We will not share your email address with anyone and you can unsubscribe at anytime.
Mystery, murder, and mayhem are all in Chapter One of The Dead Girl Under the Bleachers by Donna M. Zadunajsky. Told through the voices of three adolescent girls, the plot of this intriguing, fast-paced fiction will keep the reader up at night. Who was being chased and beaten to death the night of the high school homecoming dance? Why?
The author delves deep into the complex personalities of her three main characters. The girls are entering their senior year of high school in a small semi-urban town that could be most any contemporary town. Scarlet, a self-proclaimed high school “queen bee,” is the malicious mastermind of plots to get revenge on anyone who crosses her path. Laura, a wallflower from a single-parent home, is one of the victims of Scarlet’s wrath. Then there is Rachel, the “monkey in the middle,” a not so innocent mediator who tries to maintain her best friend relationship with Scarlet. At the same time, her conscience wants to protect Laura. It’s a tragic story of romantic rivalries turning violent. Zadunajsky speaks of the difficult dilemma many teenagers face of dealing with who’s in, who’s out, and trying to be with the right clique to fit into a school’s social scene. The Dead Girl Under the Bleachers articulates how some girls get elevated to being the dark-hearted queen bee while others are just part of her court or worse totally shunned.
As unfathomable as the events in the story first appear, they tragically follow similar real cases of murder over petty high school grievances. In 2014, Krista Pike ordered Dustin Gran to murder her former boyfriend’s girlfriend Brittany Navarra, and in 2009, Rachel Wade stabbed Sarah Ludemann to death over romantic rivalries. Unfortunately, there are many of these unbelievable real-life tragedies.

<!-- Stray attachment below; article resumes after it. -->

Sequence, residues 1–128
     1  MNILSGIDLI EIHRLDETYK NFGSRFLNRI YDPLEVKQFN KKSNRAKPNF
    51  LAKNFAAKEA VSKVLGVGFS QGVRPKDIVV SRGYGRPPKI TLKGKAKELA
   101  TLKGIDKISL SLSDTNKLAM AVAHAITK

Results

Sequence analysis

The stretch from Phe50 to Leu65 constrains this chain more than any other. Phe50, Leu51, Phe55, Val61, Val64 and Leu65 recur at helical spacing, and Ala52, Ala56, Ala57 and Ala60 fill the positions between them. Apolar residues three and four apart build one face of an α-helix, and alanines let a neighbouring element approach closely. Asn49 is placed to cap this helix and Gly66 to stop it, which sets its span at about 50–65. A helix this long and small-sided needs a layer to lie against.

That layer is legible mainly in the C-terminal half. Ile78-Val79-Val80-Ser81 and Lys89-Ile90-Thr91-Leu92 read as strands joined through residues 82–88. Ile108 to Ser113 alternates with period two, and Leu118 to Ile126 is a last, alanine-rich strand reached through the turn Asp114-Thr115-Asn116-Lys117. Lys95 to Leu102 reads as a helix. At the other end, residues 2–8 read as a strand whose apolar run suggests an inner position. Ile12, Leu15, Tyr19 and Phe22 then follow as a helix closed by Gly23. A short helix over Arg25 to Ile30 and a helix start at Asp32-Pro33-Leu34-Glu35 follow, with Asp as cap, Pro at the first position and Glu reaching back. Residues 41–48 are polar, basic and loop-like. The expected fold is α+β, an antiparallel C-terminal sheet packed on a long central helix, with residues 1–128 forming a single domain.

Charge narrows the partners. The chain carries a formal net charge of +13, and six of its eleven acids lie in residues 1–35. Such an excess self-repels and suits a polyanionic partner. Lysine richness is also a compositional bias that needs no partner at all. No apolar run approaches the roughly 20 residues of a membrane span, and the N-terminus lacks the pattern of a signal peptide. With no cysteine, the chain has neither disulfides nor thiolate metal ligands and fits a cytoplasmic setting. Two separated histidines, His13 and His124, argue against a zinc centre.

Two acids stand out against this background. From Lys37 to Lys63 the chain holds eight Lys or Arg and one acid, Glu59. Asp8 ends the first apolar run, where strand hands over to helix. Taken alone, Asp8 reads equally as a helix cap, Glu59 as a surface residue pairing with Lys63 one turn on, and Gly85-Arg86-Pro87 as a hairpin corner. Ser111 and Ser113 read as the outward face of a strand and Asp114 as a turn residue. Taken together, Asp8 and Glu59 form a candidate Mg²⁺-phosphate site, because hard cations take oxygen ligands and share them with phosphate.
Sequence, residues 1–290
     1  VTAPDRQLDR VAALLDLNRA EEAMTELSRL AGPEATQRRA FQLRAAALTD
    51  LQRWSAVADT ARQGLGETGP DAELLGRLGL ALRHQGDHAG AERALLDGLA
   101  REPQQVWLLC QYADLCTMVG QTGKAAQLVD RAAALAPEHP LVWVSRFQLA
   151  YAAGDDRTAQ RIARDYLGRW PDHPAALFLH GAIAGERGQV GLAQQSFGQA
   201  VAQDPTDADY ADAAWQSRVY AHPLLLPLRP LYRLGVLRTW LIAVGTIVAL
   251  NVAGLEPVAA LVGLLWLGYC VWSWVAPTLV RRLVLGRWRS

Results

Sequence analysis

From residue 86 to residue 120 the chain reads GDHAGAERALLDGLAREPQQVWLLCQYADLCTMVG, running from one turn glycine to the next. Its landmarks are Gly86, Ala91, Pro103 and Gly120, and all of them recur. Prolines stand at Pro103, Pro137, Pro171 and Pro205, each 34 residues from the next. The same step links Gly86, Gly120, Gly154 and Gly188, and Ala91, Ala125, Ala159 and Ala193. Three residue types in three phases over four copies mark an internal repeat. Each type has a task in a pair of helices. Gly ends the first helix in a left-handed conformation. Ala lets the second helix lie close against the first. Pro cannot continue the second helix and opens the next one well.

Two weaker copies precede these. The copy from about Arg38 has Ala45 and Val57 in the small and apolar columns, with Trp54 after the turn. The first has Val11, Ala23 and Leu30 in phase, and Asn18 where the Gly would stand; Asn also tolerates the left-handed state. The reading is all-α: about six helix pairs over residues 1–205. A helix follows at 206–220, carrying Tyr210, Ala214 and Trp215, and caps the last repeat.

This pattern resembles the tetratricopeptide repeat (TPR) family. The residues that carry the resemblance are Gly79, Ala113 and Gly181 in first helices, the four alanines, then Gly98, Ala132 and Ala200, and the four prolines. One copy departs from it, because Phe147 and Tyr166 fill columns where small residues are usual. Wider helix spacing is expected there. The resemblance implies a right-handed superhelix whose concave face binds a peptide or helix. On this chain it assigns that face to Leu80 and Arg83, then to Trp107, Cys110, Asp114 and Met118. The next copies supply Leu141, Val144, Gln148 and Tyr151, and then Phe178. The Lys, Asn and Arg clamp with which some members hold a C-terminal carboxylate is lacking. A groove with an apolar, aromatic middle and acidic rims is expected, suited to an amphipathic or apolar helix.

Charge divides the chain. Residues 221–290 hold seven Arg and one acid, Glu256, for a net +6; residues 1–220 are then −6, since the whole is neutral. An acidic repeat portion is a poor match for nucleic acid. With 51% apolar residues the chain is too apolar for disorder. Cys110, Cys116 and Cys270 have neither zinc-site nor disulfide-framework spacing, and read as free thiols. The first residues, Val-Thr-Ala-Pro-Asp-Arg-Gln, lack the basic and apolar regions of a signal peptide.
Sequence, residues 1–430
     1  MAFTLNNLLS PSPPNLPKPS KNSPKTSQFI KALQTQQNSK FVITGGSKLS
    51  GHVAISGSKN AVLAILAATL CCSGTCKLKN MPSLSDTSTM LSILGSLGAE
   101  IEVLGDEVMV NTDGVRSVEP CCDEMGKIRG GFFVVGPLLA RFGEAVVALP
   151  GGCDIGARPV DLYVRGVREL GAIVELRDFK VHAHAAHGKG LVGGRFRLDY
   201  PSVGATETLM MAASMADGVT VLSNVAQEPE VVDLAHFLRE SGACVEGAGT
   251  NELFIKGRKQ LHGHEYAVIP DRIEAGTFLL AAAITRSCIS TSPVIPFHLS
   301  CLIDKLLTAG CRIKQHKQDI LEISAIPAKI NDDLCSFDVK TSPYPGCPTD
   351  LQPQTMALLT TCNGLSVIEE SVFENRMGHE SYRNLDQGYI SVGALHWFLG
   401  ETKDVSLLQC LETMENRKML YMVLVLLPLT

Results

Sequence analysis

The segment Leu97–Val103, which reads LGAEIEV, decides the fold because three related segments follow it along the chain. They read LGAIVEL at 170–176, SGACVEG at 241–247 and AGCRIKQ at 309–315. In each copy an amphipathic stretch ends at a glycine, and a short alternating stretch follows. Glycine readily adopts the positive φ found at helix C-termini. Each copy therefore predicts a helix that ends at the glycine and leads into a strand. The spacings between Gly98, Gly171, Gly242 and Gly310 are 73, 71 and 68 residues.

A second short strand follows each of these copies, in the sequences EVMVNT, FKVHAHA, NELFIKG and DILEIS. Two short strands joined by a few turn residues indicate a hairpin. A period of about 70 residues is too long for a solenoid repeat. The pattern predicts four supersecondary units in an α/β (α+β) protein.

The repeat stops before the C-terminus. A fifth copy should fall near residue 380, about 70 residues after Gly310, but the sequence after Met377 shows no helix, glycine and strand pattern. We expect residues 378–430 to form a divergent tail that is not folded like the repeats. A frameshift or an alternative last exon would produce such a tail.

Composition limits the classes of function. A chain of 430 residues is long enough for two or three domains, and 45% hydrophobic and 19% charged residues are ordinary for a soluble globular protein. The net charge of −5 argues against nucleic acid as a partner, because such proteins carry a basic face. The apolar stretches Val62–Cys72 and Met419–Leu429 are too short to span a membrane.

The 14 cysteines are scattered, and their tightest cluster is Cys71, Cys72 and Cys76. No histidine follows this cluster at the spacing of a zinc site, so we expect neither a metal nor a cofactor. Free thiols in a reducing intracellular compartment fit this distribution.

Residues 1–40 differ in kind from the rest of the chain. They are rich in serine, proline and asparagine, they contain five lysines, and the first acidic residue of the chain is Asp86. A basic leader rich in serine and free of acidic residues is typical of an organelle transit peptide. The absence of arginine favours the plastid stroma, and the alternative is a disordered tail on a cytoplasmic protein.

Zadunajsky novel is filled with teenage angst and tackles a timely topic of sexting, exchanging of sexually explicit pictures and the conundrum posed by instant access to communication in today’s world, including the virality of inappropriate messages. Zadunajsky’s characters are relatable and realistic, as is their impulsive behavior.
The plot is told in alternate, first-person voices of the three characters. Scarlet cons Rachel and her boyfriend to humiliate and embarrass Laura for her past indiscretions. She sees her vicious pranks as games. Subterfuge gives her the upper hand. The themes of bullying and suicide are interwoven as the girls’ personal secrets are revealed. The complexity of coming-of-age teenaged girls includes behind the scenes of teen intrigue, charades, and episodes of sex, alcohol, and drugs, and murders. Zadunajsky’s vernacular for her characters is spot-on.
The plot is fast-forwarded through the inclusion of teen-speak conversations, text messaging, and transcripts of cell phone calls. Contemporary language is used appropriately to make the scenes realistic and help convey the personalities of the characters.
Suspense is heightened with the discovery of dead bodies leaving the town and the high school in a turmoil. Although the plot includes a rape scene and heavy partying, the novel would be appropriate for mature young adult readers. The meaning of friendship and being true to one’s self are positive take-a-ways from the story. This gripping novel is the author’s first in her Craven Falls Mystery series. I think readers will be anxiously waiting for Zadunajsky’s next installment.